1 (3-inch) piece celery, cut into thirds
3 fresh thyme sprigs
1 Turkish or 1/2 California bay leaf
3 whole cloves
3 fresh flat-leaf parsley sprigs plus 1/2 cup chopped leaves
1/4 teaspoon whole black peppercorns
1 (14-oz) can stewed tomatoes, puréed or finely chopped with juice
4 confit duck legs (1 3/4 lb total)
1 to 2 tablespoons olive oil (if necessary)
1 lb cooked garlic pork sausage or smoked pork kielbasa, cut crosswise into 1/3-inch-thick slices
2 cups coarse fresh bread crumbs (preferably from a baguette)
1 1/2 teaspoons salt
1/2 teaspoon black pepper

Special equipment: an 8-inch square of cheesecloth; kitchen string; a 4 1/2- to 5-quart casserole dish (3 to 4 inches deep)

PreparationSoak and cook beans:
Cover beans with cold water by 2 inches in a large bowl and soak 8 to 12 hours. Drain in a colander.
Transfer beans to a 6- to 8-quart pot and bring to a boil with 8 cups cold water, broth, tomato paste, onion, and 2 tablespoons garlic. Put celery, thyme, bay leaf, cloves, parsley sprigs, and peppercorns in cheesecloth and tie into a bundle with string to make a bouquet garni. Add bouquet garni to beans, then reduce heat and simmer, uncovered, until beans are almost tender, 45 minutes to 1 hour. Stir in tomatoes with juice and simmer until beans are just tender, about 15 minutes more.
Prepare duck and sausage while beans simmer:
Remove all skin and fat from duck legs and cut skin and fat into 1/2-inch pieces. Separate duck meat from bones, leaving it in large pieces, and transfer meat to a bowl. Add bones to bean pot.
Cook duck skin and fat with remaining 1/4 cup cold water in a 10-inch heavy skillet over moderate heat, stirring, until water is evaporated and fat is rendered, about 5 minutes. Continue to cook, stirring frequently, until skin is crisp, 3 to 6 minutes more. Transfer cracklings with a slotted spoon to paper towels to drain, leaving fat in skillet. (You should have about 1/4 cup fat; if not, add olive oil.)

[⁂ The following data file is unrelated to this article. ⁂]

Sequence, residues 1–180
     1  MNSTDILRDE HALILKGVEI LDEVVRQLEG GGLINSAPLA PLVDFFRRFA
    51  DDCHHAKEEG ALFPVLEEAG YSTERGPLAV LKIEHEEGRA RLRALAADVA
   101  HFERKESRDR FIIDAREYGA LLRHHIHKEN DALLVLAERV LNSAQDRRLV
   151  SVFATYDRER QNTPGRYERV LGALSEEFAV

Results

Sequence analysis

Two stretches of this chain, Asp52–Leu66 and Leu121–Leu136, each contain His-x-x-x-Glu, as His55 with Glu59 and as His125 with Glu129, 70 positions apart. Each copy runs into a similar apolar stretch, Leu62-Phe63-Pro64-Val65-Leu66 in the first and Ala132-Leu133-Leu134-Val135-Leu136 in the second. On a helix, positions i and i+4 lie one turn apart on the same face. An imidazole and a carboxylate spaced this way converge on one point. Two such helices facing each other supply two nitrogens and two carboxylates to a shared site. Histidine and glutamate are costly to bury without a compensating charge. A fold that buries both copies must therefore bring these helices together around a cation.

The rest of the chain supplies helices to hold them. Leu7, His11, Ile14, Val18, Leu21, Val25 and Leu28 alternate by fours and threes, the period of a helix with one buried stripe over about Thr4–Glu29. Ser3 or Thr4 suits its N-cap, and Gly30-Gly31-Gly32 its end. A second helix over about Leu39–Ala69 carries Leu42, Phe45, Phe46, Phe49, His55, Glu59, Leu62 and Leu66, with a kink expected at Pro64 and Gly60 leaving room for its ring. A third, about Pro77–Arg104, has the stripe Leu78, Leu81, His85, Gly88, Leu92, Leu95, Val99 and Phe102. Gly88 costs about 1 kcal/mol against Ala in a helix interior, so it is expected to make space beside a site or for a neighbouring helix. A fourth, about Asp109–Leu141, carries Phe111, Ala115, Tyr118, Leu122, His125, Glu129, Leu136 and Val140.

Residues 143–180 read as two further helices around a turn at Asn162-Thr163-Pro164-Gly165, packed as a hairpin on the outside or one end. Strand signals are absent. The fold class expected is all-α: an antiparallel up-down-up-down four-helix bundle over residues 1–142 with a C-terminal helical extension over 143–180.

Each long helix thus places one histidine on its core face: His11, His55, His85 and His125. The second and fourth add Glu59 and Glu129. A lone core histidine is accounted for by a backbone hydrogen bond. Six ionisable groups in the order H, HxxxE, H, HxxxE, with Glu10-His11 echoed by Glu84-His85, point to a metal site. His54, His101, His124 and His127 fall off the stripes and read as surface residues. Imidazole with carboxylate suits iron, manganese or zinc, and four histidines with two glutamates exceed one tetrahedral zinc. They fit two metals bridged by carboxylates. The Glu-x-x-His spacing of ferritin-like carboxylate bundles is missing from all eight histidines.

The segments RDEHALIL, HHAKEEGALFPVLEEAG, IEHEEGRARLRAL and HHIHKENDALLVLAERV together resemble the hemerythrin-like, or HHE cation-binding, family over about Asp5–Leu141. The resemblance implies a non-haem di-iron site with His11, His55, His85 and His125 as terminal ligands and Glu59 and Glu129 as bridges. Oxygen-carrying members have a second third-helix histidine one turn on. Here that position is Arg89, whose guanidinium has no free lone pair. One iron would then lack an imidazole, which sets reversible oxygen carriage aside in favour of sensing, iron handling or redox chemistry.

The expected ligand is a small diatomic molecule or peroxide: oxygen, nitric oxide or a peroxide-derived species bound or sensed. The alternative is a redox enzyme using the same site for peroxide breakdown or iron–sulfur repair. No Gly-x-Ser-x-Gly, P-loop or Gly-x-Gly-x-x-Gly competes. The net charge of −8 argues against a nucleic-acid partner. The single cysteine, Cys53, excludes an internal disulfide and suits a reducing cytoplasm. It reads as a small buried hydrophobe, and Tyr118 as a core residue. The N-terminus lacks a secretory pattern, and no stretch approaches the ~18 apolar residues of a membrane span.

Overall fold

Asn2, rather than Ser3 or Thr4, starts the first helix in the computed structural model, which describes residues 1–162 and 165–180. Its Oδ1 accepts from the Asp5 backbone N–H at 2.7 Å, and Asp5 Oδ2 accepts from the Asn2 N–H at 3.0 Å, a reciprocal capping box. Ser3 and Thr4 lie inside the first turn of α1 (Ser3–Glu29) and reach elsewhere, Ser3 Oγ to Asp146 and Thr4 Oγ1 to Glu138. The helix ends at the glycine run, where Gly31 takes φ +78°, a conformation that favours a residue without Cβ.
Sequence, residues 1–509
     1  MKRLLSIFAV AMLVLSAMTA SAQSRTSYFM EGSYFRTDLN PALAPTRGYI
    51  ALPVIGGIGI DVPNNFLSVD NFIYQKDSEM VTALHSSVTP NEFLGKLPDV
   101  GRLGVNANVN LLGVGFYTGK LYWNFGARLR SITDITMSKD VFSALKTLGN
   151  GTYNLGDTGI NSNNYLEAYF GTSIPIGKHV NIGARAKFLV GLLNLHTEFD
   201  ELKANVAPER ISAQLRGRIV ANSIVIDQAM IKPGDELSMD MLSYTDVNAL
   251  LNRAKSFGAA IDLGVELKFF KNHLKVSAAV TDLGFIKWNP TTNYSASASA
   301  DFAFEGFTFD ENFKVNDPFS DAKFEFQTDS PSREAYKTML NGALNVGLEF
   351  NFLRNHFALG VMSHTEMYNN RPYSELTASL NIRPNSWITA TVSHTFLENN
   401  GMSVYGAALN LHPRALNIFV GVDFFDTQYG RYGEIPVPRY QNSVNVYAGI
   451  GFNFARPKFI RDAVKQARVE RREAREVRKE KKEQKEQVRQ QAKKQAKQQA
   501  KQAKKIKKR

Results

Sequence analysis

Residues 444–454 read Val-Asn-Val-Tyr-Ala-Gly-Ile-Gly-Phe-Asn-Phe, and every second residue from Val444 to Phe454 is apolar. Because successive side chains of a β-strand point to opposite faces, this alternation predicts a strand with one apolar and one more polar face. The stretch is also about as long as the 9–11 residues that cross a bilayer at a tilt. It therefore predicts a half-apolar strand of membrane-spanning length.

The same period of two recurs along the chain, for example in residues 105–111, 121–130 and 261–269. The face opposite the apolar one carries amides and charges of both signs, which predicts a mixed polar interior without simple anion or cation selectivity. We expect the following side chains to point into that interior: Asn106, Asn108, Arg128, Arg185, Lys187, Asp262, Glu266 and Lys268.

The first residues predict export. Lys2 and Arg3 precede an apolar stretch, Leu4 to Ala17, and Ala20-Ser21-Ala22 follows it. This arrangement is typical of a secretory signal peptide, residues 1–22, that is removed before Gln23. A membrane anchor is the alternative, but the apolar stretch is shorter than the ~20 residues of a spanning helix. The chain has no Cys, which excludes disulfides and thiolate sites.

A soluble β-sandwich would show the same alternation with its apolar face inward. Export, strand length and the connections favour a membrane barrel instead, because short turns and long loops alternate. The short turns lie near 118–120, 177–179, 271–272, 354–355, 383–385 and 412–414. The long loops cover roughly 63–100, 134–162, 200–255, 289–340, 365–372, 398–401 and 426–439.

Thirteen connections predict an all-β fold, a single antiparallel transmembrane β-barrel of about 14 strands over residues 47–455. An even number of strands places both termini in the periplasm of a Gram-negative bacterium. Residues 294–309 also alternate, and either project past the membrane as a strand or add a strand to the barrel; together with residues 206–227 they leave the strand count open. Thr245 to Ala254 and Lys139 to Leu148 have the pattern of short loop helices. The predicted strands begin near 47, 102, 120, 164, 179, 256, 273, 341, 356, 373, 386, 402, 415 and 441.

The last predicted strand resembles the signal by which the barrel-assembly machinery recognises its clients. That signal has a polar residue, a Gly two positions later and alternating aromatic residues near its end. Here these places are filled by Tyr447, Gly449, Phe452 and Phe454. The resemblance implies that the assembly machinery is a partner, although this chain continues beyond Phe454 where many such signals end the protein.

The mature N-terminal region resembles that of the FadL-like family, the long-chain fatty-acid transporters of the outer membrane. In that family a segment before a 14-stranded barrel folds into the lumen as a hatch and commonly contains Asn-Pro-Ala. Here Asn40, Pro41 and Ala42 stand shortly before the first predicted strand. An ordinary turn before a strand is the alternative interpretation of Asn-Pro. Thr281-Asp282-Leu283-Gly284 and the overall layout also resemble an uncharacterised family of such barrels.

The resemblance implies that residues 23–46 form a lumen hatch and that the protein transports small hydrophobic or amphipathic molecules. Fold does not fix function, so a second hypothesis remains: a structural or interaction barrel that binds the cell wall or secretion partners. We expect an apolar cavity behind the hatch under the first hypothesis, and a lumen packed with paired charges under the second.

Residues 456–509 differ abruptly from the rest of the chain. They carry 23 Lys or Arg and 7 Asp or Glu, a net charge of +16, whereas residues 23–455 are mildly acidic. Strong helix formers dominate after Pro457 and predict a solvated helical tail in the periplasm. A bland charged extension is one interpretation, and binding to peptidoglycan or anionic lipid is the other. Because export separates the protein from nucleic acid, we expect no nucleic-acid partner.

Brown sausage in batches in fat in skillet, then transfer to bowl with duck meat, reserving skillet.
Preheat oven to 350°F.
Make bread crumb topping:
Add remaining tablespoon garlic to fat in skillet and cook over moderate heat, stirring, 1 minute. Stir in bread crumbs and cook, stirring, until pale golden, about 2 minutes. Remove from heat and stir in chopped parsley, 1/2 teaspoon salt,
1/4 teaspoon pepper
Assemble casserole:
Remove bouquet garni and duck bones from beans and discard, then stir in kielbasa, duck meat, remaining teaspoon salt, and remaining 1/4 teaspoon pepper.
Ladle cassoulet into casserole dish, distributing meat and beans evenly. (Meat and beans should be level with liquid; if they are submerged, ladle excess liquid back into pot and boil until reduced, then pour back into casserole dish.) Spread bread crumb topping evenly over cassoulet and bake, uncovered, in lower third of oven, until bubbling and crust is golden, about 1 hour.

As for other Balsamic ideas, I will keep researching and then move to the kitchen to test.
For now, check out The Tasteful Olive’s webpage and blog for existing recipes, and then check periodically for additions.
I also encourage you to visit Jeanne’s store in person if you are in the Kansas City area. What a treat! It is located at 7945 Santa Fe Drive in historic Overland Park, Kansas. While you are there, go several doors north of Tasteful Olive and visit the helpful ladies at Penzey’s Spices. Trust me when I say the ideas, recipes and help you get from Jeanne and those from the Penzey’s crew will pep up your dinner!

Ponte Vecchio, Florence, Italy

Ponte Vecchio, Florence, Italy
oil painting by Kay Tucker

Somerset Autumn on Wea Creek

Somerset Autumn on Wea Creek
Oil Painting by Kay Tucker, Private Collection


oil painting by Kay Tucker

Kansas Storm

Kansas Storm
oil painting by Kay Tucker, Private Collection

Watercolor Collage

Watercolor Collage

Tempo al Tempo....All in Good Time

Tempo al Tempo....All in Good Time
48"x36" sculptural painting by Kay Tucker